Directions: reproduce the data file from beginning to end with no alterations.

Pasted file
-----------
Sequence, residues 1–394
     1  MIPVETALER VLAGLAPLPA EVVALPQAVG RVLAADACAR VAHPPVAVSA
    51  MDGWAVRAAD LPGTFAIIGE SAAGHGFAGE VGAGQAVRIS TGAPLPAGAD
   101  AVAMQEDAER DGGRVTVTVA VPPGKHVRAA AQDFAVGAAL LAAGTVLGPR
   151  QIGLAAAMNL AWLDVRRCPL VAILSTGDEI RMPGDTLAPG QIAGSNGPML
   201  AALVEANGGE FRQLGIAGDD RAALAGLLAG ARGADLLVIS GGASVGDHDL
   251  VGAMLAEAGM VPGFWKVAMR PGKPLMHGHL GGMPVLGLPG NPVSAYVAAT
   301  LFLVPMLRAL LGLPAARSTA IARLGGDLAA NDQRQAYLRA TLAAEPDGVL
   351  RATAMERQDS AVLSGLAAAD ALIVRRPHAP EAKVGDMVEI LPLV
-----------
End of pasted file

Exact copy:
Sequence, residues 1–394
     1  MIPVETALER VLAGLAPLPA EVVALPQAVG RVLAADACAR VAHPPVAVSA
    51  MDGWAVRAAD LPGTFAIIGE SAAGHGFAGE VGAGQAVRIS TGAPLPAGAD
   101  AVAMQEDAER DGGRVTVTVA VPPGKHVRAA AQDFAVGAAL LAAGTVLGPR
   151  QIGLAAAMNL AWLDVRRCPL VAILSTGDEI RMPGDTLAPG QIAGSNGPML
   201  AALVEANGGE FRQLGIAGDD RAALAGLLAG ARGADLLVIS GGASVGDHDL
   251  VGAMLAEAGM VPGFWKVAMR PGKPLMHGHL GGMPVLGLPG NPVSAYVAAT
   301  LFLVPMLRAL LGLPAARSTA IARLGGDLAA NDQRQAYLRA TLAAEPDGVL
   351  RATAMERQDS AVLSGLAAAD ALIVRRPHAP EAKVGDMVEI LPLV